I got this on deep discount when I worked at a local greenhouse, not thinking it would even grow that well here, as I've never seen them before. To my surprise this selection from Proven Winners exceeds in my Calgary garden! It is one of the first to leaf out in the spring in bright chartreuse followed by delicate tubular flowers in June. The leaves are attractive all summer and in a warm enough fall turn a variety of pink to red shades. It seems to require no care and thrives in a pretty hot and dry spot with poor soil in my yard.
I had read many years ago that the variety "Centennial" was the hardiest of the Wiegelas which is very true. Don't mess around with the little dwarf varieties I don't see them growing very successfully in our area. This Wiegela has been moved once and grows inbetween and under some other shrubs and still would like to grow over 6 feet tall! I always say it is very underused on the prairies, the only one I've ever seen was at the Calgary Zoo many years ago. Although it has a relatively short bloom time, the blooms are worth it, a large tubular red-pink flower that lasts a few weeks in June and July, I've read if you trim and fertilize them in midsummer they will rebloom. I find the leaves and plant relatively attractive thru the summer, in the fall it turns a pale yellow.
These little lilacs have gained in popularity over the last decade probably because they are all kinds of awesome! The variety Tinkerbelle is the one pictured here, there is also one called Little Kim which has larger leaves, similar in many ways but I prefer Tinkerbelle. This lilac has a nice compact and uniform shape, I trim off any long leaders in the summer to keep the shape round, this should take anyone around 5 minutes to do! After a couple of years this shrub really takes off, the flowers are profuse and fragrant like you want a lilac to be. After flowering I often trim off the old flower heads just for a tidy look, it's not necessary it just depends on what you like. In the fall these turn yellow-bronze and drop their leaves almost in a single day.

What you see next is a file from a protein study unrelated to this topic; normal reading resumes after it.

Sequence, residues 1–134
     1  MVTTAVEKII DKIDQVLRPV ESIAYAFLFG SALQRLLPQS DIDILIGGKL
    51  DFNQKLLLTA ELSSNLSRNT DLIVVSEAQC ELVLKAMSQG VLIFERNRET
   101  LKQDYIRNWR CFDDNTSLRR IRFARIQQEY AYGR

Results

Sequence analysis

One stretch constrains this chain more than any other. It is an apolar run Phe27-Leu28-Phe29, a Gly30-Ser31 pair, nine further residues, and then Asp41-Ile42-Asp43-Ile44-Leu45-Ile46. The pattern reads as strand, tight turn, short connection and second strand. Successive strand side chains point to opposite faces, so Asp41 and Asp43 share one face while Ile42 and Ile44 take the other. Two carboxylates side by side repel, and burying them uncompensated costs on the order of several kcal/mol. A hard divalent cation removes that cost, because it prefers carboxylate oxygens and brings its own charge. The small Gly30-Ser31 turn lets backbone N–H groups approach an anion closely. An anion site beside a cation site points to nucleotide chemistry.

I planted this boxwood 15 years ago and it seems to do just fine in our zone. Perhaps you've seen this plant in Europe?, often used in formal knot gardens or as a high evergreen hedge. I don't think it will grow as large as the hedgerows in England but it will be evergreen! I see these more and more around the city so I'm glad Calgarians are taking a little risk once in a while! Just a few tips to grow a boxwood in Calgary; grow close to a heated building such as the foundation of your house, avoid winter sun and too dry a location, mine is on the North side of the house, ie; lots of snowcover all winter, I think an East facing exposure would be fine too, keep moist, they are evergreen and need help during our desiccating high winds, water well into the fall until freeze up.
I spotted this one in my neighbourhood recently, I find Forsythia so cheerful in the early spring, often the first colour of the season. These shrubs are pretty easy to grow as a foundation planting, trimmed into a hedge or as a natural shape on a lawn. The main attraction happens in April however, so the rest of the year it is a demure green leafed shrub so plan accordingly, you may want to offset the greenery with some other flowering shrub or contrasting foliage.
I gave one of these to a friend a few years ago and it did just fine in Calgary, seems to thrive in a hot location and even in poor soil too! There are a few at the Calgary Zoo planted against the Africa building. The long frond type leaves give a tropical look and are a yellow-chartreuse all summer, in the fall Tiger Eyes turns various shades of orange-red, after a few years the plant will produce the red cones all sumacs have which stay on thru the winter. Also, like all sumacs, after some years they produce suckers so either plant in an area where this won't bother you or the garden or just dig them out in the spring, hey, free sumacs! This variety will not grow very tall so is well suited to foundation plantings or small spaces, a very interesting and underused ornamental on the prairies.
Apparently Mock Orange was very popular in the Mid-Century as there are many in my neighbourhood. Who knows why this plant was named for an orange? Orange flowers are white and the shrub has a pleasant almost orangey fragrance, either way they are terrific! Apparently there are many new cultivars with bigger flowers and smaller stature, like over 8 feet of fragrant white flowers are a problem? They must be pretty easy to grow as there are many on my street. Like many flowering shrubs these guys bloom on old wood so prune just after flowering, which is late May or June in Calgary. The dark green foliage is also attractive all summer.